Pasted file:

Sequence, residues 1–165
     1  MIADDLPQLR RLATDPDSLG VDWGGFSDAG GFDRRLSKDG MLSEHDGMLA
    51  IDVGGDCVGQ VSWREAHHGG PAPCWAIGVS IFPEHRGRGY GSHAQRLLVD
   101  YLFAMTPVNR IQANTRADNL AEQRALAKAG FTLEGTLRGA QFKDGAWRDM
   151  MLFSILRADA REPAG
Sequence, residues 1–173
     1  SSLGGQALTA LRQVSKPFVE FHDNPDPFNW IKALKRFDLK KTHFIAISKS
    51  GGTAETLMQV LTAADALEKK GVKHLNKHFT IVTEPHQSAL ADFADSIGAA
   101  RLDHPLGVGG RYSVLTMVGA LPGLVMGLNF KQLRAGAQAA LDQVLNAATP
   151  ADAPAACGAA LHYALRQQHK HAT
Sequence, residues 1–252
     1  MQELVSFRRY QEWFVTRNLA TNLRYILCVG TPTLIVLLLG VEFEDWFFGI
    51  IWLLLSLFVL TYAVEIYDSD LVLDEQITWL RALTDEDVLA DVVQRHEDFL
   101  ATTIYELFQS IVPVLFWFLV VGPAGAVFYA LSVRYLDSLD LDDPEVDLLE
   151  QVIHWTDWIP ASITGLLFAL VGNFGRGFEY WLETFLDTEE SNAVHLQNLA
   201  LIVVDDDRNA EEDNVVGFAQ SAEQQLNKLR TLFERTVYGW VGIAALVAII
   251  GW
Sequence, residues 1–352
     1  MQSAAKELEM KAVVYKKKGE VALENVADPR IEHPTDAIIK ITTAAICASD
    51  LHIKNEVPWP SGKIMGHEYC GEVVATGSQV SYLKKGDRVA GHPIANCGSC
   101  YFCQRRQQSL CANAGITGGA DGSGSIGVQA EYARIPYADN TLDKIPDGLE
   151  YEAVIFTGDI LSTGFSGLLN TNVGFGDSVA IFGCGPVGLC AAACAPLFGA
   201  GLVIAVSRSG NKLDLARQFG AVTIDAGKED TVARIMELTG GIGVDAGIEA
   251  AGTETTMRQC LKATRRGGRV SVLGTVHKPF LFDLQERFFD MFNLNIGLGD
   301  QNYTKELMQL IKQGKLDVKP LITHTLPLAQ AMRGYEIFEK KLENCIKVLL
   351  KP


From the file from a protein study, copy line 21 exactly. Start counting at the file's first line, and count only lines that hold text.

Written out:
   101  YFCQRRQQSL CANAGITGGA DGSGSIGVQA EYARIPYADN TLDKIPDGLE